Good tracking is about letting the flies be more affected by the current than our tippet. Instead of bossing the flies around and leading them downstream, we simply track their progress in the water.

Tracking is the counterpoint to leading. Instead of controlling the speed and position of the nymphs through the drift, we let the flies find their own way . . .

Thoughts on Rod Tip Recovery

Thoughts on Rod Tip Recovery

Rod tip recovery is the defining characteristic of a quality fly rod versus a mediocre one.

Cast the rod and watch it flex. Now see how long it takes for the rod tip to stop shaking. Watch for a complete stop, all the way to a standstill — not just the big motions, but the minor shuddering at the end too.

Good rods recover quickly. They may be fast or slow. They may be built for power or subtly, but they recover quickly. They return to their original form in short order.

Here’s why . . .

A Simple Slidable Foam Pinch-On Indy

A Simple Slidable Foam Pinch-On Indy

One of the joys of fly fishing is problem solving. There are so many tools available, with seemingly infinite tactics to discover, it seems like any difficult situation on the water can be solved. Perhaps it can. For those anglers who search for answers in tough moments, the prospect of solving a puzzle builds lasting hope into every cast. And after seasons on the water, the game becomes not how many trout we can catch, but how many ways those trout can be caught. Then, when presented with conditions that chase fair-weather fishers off the water, we rise to the moment with a tested solution, perfectly adapted and suited for the variables at hand.

There is not one way. There are a hundred ways. And the best anglers are prepared with all of them.

One of them is the slidable foam pinch on indy . . .

Tight Line and Euro Nymphing: How to Lead the Flies

Tight Line and Euro Nymphing: How to Lead the Flies

Leading does not mean we are dragging the flies downstream. In fact, no matter what method we choose (leading, tracking or guiding), our job is to simply recover the slack that is given to us. We tuck the flies upstream and the river sends them back. It may seem like there is just one way to recover that slack. But there are at least two distinct methods — leading and tracking.

Let’s talk more about leading . . .

What do you think?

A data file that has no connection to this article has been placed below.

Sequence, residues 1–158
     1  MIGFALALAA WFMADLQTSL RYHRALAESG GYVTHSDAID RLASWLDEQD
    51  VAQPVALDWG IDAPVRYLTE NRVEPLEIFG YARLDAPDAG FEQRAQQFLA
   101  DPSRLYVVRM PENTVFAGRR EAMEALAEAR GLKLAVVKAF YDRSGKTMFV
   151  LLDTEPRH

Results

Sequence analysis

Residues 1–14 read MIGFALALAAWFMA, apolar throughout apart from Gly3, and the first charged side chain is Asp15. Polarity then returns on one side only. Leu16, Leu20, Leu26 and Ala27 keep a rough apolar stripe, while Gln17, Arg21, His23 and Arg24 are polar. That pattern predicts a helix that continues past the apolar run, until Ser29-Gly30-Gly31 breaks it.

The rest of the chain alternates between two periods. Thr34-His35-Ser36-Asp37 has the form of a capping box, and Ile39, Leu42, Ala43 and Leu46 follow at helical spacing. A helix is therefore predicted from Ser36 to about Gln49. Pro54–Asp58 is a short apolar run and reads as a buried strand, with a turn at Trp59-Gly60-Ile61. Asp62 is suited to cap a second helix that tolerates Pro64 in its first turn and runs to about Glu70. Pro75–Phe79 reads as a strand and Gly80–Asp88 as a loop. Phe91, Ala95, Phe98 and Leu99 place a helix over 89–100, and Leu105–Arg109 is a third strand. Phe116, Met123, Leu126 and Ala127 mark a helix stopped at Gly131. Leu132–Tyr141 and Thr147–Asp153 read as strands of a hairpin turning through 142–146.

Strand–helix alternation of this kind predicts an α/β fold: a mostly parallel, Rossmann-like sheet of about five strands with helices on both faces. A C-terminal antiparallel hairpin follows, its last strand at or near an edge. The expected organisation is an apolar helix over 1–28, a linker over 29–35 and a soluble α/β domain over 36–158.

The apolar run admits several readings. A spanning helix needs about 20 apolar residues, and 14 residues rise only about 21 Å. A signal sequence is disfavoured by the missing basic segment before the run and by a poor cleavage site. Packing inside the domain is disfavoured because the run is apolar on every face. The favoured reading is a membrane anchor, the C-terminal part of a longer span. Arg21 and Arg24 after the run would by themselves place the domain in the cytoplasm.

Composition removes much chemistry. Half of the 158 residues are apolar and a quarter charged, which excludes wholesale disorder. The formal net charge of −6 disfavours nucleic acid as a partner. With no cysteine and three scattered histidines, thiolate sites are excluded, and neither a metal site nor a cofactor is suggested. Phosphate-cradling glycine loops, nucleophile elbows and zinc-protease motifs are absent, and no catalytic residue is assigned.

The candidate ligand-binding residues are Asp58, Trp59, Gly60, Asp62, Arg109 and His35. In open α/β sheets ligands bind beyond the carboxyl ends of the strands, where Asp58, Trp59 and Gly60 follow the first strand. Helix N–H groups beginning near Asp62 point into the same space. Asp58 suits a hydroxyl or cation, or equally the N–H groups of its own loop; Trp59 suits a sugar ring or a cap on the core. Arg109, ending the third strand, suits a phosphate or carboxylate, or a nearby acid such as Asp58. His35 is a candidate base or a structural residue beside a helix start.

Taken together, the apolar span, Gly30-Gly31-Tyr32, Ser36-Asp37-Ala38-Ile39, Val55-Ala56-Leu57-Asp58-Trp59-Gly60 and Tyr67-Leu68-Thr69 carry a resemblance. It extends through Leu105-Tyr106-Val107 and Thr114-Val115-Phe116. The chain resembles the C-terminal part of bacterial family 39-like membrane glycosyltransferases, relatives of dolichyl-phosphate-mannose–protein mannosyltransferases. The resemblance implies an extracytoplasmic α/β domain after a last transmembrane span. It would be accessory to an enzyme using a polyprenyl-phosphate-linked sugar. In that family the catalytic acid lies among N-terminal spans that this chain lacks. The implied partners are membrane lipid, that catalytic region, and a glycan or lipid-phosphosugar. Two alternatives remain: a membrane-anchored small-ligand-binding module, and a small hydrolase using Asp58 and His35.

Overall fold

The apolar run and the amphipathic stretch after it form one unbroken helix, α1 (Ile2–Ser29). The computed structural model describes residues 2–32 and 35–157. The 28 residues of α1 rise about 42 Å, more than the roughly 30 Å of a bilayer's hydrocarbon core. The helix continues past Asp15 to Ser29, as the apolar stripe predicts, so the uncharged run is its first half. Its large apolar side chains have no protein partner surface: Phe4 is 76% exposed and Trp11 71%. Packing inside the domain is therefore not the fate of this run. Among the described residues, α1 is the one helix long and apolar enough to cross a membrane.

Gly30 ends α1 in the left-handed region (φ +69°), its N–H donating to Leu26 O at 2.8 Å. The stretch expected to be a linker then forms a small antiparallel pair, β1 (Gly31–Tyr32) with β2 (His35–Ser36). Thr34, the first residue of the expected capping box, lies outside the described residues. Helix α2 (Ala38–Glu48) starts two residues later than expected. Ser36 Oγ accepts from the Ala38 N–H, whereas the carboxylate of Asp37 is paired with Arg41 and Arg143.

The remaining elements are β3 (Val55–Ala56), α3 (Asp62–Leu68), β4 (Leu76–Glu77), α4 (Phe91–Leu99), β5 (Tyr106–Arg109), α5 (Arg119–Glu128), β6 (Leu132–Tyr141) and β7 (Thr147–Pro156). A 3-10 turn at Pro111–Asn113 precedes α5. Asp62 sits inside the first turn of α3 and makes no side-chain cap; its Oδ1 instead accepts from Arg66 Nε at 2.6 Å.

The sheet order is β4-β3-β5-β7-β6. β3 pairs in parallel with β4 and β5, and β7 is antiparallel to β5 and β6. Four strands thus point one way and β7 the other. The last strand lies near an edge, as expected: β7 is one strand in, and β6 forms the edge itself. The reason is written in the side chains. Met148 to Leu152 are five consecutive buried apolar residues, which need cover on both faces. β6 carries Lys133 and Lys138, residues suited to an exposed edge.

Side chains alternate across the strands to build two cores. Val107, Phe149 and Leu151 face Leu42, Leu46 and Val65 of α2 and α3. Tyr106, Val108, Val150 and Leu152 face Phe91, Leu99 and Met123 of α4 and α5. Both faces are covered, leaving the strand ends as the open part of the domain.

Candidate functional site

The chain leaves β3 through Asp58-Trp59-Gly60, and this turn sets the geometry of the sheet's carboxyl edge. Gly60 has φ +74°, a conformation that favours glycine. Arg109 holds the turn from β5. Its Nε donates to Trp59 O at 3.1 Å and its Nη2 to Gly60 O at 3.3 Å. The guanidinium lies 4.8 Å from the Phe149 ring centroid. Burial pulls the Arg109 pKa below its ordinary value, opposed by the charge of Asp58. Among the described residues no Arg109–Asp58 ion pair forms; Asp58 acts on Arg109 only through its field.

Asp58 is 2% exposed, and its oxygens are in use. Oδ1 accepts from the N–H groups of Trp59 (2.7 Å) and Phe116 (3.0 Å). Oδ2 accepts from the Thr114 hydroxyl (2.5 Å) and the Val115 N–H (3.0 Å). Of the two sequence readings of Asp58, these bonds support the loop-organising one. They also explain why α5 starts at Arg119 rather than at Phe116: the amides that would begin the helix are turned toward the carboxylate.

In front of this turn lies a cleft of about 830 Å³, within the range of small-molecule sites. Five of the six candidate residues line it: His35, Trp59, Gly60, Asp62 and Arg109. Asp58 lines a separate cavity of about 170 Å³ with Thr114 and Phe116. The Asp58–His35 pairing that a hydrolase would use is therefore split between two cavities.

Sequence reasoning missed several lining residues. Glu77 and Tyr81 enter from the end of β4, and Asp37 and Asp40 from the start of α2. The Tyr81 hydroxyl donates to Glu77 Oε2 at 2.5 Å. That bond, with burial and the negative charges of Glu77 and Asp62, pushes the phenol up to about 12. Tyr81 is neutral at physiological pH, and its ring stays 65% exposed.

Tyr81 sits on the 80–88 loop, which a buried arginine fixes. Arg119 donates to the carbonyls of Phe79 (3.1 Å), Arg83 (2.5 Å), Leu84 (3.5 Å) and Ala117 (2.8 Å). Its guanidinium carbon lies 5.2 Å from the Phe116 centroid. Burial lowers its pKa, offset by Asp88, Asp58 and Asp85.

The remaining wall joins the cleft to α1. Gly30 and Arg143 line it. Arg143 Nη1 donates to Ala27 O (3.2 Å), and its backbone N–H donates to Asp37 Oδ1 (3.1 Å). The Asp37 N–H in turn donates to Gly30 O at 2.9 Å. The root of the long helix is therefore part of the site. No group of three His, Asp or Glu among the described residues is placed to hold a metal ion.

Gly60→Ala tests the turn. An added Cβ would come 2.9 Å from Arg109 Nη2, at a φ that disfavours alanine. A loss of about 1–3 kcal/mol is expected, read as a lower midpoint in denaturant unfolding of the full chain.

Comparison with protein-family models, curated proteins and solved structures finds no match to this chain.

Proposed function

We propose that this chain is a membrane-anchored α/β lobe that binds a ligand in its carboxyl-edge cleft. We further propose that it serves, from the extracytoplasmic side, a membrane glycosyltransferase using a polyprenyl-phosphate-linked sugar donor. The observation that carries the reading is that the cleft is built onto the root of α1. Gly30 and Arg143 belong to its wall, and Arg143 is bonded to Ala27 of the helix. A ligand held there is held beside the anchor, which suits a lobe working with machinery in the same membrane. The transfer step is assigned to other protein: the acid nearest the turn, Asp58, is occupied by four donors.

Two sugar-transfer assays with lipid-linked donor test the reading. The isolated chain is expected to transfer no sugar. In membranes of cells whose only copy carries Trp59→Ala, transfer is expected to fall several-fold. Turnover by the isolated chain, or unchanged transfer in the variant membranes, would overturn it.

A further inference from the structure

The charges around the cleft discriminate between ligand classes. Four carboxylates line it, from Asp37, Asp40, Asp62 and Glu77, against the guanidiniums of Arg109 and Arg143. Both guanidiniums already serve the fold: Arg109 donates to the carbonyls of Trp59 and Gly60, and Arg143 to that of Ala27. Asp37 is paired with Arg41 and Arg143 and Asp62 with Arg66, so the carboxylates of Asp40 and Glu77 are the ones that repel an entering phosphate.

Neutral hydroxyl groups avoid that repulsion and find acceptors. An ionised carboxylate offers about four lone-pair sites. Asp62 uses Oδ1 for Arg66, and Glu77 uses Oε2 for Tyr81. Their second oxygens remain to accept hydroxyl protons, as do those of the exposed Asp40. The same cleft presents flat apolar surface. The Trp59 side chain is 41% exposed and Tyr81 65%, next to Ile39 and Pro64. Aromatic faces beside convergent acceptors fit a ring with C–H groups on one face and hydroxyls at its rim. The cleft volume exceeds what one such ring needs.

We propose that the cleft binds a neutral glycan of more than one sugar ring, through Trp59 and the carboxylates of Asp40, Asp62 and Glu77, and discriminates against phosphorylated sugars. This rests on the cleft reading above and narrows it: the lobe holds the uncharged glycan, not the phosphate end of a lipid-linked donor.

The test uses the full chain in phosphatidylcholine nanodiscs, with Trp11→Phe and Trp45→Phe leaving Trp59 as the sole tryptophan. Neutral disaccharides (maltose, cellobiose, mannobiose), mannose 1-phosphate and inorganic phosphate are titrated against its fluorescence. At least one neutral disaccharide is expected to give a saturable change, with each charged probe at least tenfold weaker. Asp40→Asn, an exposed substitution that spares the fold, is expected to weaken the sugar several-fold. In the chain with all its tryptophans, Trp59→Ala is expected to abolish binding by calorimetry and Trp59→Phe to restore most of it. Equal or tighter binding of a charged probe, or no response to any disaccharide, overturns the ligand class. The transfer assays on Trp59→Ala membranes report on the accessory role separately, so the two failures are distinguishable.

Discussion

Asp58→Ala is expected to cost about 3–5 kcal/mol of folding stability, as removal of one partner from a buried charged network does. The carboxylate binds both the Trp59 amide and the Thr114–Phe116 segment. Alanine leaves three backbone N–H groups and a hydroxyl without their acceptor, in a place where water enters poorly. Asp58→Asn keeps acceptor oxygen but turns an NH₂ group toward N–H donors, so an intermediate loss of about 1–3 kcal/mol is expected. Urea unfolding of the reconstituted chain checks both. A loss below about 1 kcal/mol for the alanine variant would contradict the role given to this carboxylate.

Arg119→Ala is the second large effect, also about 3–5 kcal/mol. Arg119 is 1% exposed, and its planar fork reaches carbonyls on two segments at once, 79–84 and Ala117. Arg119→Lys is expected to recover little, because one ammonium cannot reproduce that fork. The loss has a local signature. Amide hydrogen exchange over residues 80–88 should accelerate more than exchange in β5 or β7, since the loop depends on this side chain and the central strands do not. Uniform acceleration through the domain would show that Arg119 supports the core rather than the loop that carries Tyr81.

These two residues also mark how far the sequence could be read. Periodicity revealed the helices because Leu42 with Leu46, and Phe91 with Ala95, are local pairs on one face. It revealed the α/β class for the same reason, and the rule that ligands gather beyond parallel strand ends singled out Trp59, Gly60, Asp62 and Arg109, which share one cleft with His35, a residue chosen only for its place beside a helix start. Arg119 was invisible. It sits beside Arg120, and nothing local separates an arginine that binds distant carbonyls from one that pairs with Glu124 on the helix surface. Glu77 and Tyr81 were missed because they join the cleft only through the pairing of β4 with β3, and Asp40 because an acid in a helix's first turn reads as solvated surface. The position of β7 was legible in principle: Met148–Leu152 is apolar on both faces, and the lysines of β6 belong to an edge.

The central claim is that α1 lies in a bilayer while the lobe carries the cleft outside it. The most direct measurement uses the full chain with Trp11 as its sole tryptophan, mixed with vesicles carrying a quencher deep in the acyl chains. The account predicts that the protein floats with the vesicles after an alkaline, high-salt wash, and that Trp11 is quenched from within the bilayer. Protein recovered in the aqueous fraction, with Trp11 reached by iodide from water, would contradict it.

Be part of the Troutbitten community of ideas.
Be helpful. And be nice.


  1. Putting your first cast with a dry fly behind the trout is definitely good advice, especially with terrestrial patterns. Trout feeding on terrestrials cannot resist the plop of a deer hair ant or beetle when it drops in behind them. Years ago I was at a fly fishing seminar where Lefty Kreh and Joe Humphreys were speaking, and one of them said that regardless of the type of dry fly, the first cast should be behind the trout, second cast should be to the side, next cast in front. It makes sense.

    Thanks for the article.

  2. A “side door” first cast to the near side (if you are presenting across) protects the edge of the feeding window by giving a trout the chance to make a lateral move to eat without accidentally lining them. It also allows the angler to pre-measure the exact line length needed for an accurate “front door” presentation while getting a better feel for the complexities of the micro-currents that produce micro-drag. However none of this happens until one has analyzed the big picture presented by a feeding fish. The variables are remarkably complex, including: bug type/emergence stage/fly choice, rise form/film layer (on, in, under), rise frequency/pattern (from one-and-done to super-steady), feeding mood (from voracious/reckless to hyper-skittish), selectivity (opportunistic to tunnel vision) , time of year/accumulated fishing pressure, and water clarity/temperature which affects the size of the feeding window.

    The importance of a good first cast is indirectly related to feeding frequency and directly related to degree of skittishness. A good general rule to follow is no more than two or three casts per rise, that is try to match the feeding pace of the fish. For those very infrequent, rare and random one-and done risers – a quick and accurate “front door” first cast is usually the best bet. Excellent topic for getting ones head ready for a full season of dry fly fishing. Thanks for allowing me to ramble on. Blogs like this are a helpful distraction in trying times. Fortunately the bugs will be popping soon enough – the ultimate distraction!

  3. Although this was basically for dry flys,when using an indicator I’ve found it’s very similar to a dry fly,if it isn’t completely free of any drag might as well recast. And can’t tell you how often the first pass results in fish,so learned to be totally focused on first drift!!


Submit a Comment

Your email address will not be published.

Recent Articles

Recent Posts

Pin It on Pinterest